Purpose - User-oriented care, defined as individualized assisting behaviors, is the dominant approach within elderly care today. Yet, there is little known about its conceptual structure. This paper proposes that user-oriented care has a bi-partite structure which may be decomposed into the two dimensions of task and relation. Design/methodology/approach - Care workers were "shadowed" (i.e. observed) at their work (n=391 rated interactions). User-oriented care was assessed along ten process quality indicators targeting the acts of caregiving (i.e. task focus, relation focus, involvement, time-use, body language, autonomy, respect, warmth, encouragement, and information) in two elderly care settings, i.e. home care and nursing home. Observations added up to 45 hours. Findings - Principal component analyses confirmed the proposed two-factor structure of user-oriented care. Specifically, the user-oriented care indicators loaded on two distinct factors, i.e. task and relation. The underlying structure of user-oriented care revealed to be invariant across the two settings. However, the results revealed interesting structural differences in terms of explained variance and the magnitude of factor loadings in the home care and nursing home settings. Differences also emerged specifically pertaining to the indicators of autonomy and time-use. These findings suggest that user-oriented behavior may to some extent denote different acts of caregiving and what may be called task- and relation-orientation may be loaded with different meanings in these two care settings. Originality/value - This is the first study investigating user-oriented behavior in the context of elderly care using a quantitative observational approach. The authors propose that the observed differences between the two care settings are primarily not due to better elderly care work in home care, but due to some inherent differences between these two contexts of care (e.g. better health and living at home). © Ali Kazemi and Petri J. Kajonius. Published by Emerald Group Publishing Limited.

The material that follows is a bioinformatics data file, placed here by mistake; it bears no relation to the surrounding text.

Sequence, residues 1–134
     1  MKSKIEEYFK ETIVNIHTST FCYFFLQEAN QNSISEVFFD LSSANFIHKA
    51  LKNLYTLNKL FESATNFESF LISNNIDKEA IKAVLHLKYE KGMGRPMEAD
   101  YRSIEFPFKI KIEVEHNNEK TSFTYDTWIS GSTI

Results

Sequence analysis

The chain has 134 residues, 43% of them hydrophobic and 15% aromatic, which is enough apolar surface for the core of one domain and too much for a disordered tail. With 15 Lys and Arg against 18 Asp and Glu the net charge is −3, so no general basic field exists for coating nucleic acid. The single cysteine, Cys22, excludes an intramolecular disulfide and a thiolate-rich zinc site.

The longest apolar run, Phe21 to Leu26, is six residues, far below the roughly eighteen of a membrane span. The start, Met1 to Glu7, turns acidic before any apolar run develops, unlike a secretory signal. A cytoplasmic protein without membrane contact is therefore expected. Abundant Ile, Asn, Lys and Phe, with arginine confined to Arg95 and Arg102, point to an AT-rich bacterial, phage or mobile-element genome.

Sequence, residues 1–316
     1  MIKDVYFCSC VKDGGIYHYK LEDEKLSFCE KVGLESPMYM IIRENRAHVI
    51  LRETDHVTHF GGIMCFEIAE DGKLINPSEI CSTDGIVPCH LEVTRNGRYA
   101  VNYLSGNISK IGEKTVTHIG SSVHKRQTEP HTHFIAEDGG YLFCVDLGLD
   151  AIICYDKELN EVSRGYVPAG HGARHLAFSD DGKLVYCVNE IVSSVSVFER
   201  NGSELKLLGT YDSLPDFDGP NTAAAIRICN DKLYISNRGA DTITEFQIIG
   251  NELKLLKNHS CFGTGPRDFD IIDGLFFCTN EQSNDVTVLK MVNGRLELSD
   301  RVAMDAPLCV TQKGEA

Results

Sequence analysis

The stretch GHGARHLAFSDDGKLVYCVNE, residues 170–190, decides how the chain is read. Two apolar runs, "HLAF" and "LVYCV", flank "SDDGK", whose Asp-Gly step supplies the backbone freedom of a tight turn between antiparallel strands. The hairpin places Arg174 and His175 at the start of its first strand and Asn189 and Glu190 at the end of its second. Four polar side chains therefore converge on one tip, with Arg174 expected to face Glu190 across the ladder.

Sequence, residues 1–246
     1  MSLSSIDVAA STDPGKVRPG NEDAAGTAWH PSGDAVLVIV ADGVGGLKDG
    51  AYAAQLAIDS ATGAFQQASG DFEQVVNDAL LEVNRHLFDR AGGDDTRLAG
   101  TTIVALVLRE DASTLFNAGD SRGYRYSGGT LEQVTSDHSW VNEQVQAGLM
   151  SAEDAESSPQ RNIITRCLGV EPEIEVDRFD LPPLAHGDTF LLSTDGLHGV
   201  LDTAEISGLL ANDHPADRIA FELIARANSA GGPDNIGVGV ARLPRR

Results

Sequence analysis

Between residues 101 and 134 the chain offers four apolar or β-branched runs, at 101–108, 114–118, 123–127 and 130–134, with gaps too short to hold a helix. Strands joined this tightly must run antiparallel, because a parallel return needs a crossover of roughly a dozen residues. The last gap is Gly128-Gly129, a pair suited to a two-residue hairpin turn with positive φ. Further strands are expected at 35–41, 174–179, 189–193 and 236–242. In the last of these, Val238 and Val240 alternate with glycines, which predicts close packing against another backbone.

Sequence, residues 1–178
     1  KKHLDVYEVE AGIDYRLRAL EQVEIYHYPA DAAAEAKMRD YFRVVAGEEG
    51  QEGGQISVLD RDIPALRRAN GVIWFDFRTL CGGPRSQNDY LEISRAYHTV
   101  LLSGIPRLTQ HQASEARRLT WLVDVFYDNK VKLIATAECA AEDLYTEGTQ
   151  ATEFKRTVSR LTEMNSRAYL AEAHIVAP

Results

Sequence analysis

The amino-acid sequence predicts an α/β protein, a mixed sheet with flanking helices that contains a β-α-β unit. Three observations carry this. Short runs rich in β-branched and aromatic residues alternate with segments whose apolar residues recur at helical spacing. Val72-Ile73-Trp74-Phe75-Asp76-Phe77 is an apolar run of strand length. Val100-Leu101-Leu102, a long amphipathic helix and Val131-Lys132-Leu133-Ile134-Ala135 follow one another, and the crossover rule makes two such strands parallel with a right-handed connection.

• 209.
    Kazemi, Ali
    et al.
    University of Skövde, School of Health and Education. University of Skövde, Health and Education.
    Kylberg, Elisabeth
    University of Skövde, School of Health and Education. University of Skövde, Health and Education.
    Pilotstudie om psykisk ohälsa och utanförskap bland unga vuxna: Personliga berättelser och reflektioner kring vägar som bär till förändring2014Report (Other academic)
  • 210.
    Kazemi, Ali
    et al.
    University of Skövde, Health and Education. University of Skövde, School of Health and Education.
    Stark Ekman, Diana
    University of Skövde, Health and Education. University of Skövde, School of Health and Education.
    Kylberg, Elisabeth
    University of Skövde, Health and Education. University of Skövde, School of Health and Education.
    Differing attitudes toward health and sickness2014In: Encyclopedia of human services and diversity / [ed] Linwood H. Cousins, Sage Publications, 2014, p. 616-618Chapter in book (Refereed)
  • 211.
    Kazemi, Ali
    et al.
    University of Skövde, School of Technology and Society. University of Skövde, Health and Education.
    Törnblom, Kjell
    University of Skövde, School of Technology and Society. University of Skövde, Health and Education.
    Rättvist ledarskap2009In: Välbefinnande i arbetslivet: socialpsykologiska perspektiv / [ed] Ali Kazemi, Lund: Studentlitteratur, 2009, 1, p. 37-63Chapter in book (Refereed)
  • 212.
    Kazemi, Ali
    et al.
    University of Skövde, School of Health and Education. University of Skövde, Health and Education.
    Törnblom, KjellDepartment of Environmental Systems Science, ETH Zurich, Switzerland.
    Social Justice Research2016Collection (editor) (Other academic)
  • 213.
    Kazemi, Ali
    et al.
    University of Skövde, School of Health and Education. University of Skövde, Health and Education.
    Törnblom, KjellDepartment of Environmental Systems Science, ETH Zurich, Switzerland.
    Social Justice Research2016Collection (editor) (Other academic)
  • 214.
    Kazemi, Ali
    et al.
    University of Skövde, School of Health and Education. University of Skövde, Health and Education.
    Törnblom, KjellDepartment of Environmental Systems Science, ETH Zurich, Switzerland.
    Social Justice Research2016Collection (editor) (Other academic)
  • 215.
    Kazemi, Ali
    et al.
    University of Skövde, School of Health and Education. University of Skövde, Health and Education.
    Törnblom, KjellUniversity of Skövde, School of Health and Education.
    Social Justice Research2015Collection (editor) (Other academic)
  • 216.
    Kazemi, Ali
    et al.
    University of Skövde, School of Health and Education. University of Skövde, Health and Education.
    Törnblom, KjellUniversity of Skövde, School of Health and Education.
    Social Justice Research2015Collection (editor) (Other academic)
  • 217.
    Kazemi, Ali
    et al.